Medical Coding

Medical coding specialists are a vital part of the functioning of any medical facility. Medical coders are responsible for reviewing patient medical records and assigning standardized codes to diagnoses and medical procedures performed so the facility can bill insurance companies and other third-party payers (such as Medicare or Medicaid). The alphanumeric codes streamline the billing and insurance reimbursement process and help healthcare providers get paid in a timely manner. They also make a patient’s electronic health record easier to read from provider to provider. In addition, medical codes can be used for overall statistical analysis of public health threats such as contagious diseases and tobacco use.

This career requires a knowledge of biology, anatomy, physiology and medical terminology, in addition to the coding systems. Though not required by law, nearly all employers will also require certification from either AHIMA or AAPC, the two professional organizations that administer exams for certification. The majority of employers will not even look at the resume of an applicant without certification. This is because coding is a lot more than data entry. Coders need to interpret doctor’s notes on a patient’s medical record and determine the correct codes for each procedure as well as medical equipment used during the visit.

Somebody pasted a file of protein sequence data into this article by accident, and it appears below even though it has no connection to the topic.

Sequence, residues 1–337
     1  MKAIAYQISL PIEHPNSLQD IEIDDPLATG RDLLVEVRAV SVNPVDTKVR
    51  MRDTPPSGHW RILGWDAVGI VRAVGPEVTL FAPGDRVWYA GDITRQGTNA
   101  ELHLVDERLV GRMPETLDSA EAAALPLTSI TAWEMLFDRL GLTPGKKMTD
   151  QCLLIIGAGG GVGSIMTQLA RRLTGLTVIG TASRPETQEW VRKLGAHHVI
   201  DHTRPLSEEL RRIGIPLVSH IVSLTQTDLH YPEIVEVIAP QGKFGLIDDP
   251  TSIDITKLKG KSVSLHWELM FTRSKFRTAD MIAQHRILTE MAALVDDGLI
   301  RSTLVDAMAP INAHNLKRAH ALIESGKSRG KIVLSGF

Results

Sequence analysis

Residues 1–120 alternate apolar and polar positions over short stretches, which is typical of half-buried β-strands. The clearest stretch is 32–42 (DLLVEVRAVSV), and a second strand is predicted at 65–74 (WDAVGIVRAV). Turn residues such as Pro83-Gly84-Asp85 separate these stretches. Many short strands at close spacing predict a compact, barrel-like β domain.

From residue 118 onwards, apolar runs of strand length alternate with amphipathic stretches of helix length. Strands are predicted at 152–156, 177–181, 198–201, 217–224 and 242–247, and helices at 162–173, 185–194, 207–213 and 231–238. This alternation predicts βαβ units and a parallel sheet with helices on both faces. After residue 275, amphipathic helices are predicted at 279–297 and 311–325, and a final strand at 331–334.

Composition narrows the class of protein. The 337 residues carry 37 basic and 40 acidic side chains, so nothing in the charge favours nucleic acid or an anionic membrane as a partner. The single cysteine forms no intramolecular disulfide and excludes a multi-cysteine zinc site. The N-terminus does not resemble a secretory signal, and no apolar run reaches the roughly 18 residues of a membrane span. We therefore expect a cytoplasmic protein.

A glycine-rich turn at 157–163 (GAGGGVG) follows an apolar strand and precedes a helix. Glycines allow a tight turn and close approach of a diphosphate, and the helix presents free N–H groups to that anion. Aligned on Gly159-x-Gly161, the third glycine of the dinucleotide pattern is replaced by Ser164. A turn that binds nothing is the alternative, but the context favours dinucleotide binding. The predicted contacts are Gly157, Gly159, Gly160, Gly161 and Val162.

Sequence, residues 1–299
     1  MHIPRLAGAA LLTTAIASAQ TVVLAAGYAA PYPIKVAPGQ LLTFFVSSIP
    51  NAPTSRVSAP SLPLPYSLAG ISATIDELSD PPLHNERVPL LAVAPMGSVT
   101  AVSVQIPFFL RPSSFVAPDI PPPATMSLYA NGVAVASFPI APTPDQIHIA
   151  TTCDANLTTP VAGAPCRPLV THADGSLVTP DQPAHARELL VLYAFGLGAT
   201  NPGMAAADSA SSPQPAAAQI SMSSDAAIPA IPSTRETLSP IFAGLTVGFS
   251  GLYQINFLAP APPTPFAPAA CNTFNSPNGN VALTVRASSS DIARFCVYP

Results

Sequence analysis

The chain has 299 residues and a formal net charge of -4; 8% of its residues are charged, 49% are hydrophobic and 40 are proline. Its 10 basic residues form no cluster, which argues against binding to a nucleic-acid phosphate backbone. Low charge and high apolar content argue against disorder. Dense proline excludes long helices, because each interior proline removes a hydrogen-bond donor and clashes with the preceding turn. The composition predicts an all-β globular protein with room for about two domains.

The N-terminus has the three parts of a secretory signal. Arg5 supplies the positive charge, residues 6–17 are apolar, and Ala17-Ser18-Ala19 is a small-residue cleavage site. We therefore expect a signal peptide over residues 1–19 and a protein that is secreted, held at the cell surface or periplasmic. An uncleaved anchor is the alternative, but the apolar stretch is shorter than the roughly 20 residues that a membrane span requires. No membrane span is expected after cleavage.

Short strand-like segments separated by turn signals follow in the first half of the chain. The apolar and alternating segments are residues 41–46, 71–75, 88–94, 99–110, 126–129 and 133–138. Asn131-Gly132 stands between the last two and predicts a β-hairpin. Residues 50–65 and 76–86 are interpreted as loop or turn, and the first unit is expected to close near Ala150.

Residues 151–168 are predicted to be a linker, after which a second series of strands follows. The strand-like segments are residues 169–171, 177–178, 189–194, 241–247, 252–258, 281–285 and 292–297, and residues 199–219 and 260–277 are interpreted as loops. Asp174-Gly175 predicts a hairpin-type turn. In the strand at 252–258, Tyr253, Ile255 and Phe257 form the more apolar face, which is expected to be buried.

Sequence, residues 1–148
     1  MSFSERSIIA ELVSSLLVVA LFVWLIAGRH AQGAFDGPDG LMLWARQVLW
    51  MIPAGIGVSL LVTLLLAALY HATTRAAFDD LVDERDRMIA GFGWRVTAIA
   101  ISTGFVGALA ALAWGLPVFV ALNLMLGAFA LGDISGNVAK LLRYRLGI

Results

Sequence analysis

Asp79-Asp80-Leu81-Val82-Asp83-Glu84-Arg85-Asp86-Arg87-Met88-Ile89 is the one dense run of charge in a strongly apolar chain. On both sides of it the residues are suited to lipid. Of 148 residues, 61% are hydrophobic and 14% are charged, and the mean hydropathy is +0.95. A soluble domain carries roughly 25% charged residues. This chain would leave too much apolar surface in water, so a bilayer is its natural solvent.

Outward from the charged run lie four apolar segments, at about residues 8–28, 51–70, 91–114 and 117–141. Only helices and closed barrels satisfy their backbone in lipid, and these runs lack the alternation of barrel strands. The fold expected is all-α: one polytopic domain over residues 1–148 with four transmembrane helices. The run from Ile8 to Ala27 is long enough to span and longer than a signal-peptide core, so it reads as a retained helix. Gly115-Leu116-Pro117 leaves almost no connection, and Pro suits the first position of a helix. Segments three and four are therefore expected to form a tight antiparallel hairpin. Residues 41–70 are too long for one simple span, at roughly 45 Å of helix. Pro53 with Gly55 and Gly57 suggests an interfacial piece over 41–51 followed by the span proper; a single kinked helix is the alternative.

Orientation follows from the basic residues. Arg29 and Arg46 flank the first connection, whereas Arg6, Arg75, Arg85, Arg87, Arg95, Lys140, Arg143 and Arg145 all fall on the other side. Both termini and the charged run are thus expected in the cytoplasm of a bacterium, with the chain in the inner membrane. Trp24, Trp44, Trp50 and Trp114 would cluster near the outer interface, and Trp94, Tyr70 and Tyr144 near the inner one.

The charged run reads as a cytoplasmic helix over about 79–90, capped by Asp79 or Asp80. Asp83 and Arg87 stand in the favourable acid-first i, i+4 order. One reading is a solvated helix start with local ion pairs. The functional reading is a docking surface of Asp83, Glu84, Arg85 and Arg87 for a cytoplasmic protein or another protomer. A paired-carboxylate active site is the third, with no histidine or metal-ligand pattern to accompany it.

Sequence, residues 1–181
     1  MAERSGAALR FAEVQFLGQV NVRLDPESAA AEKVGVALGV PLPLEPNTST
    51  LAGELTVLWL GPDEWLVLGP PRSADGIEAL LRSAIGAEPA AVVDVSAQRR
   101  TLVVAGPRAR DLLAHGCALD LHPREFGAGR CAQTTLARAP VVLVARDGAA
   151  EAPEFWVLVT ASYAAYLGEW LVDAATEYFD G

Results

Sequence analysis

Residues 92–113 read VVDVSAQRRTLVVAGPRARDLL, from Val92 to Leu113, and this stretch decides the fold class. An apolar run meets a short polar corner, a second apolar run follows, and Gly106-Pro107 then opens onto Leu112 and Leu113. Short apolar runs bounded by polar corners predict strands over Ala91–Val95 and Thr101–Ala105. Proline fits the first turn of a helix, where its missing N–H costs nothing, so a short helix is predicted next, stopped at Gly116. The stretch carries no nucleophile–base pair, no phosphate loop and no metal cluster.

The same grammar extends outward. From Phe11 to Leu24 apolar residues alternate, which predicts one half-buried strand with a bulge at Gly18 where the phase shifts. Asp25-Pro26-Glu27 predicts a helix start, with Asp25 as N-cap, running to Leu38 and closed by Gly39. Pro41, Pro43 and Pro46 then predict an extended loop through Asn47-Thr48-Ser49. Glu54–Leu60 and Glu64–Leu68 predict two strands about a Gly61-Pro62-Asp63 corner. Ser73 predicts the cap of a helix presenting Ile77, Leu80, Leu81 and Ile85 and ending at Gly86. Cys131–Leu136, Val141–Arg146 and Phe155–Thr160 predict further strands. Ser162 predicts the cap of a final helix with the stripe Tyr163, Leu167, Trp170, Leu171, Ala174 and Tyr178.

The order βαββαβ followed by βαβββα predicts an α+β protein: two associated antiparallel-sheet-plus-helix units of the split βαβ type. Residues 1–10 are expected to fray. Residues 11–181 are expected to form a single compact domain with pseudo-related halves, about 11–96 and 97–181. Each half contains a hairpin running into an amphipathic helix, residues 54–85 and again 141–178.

Medical coders usually work in a variety of health care settings, such as a doctor’s office, hospital or nursing home. They are also employed by insurance companies or Health Information Management companies. There are opportunities for medical coders to work from home, but these positions usually require several years of experience. Some educational programs, like Career Step have relationships with companies like IOD Incorporated who train recent graduates to work from home right after graduation.

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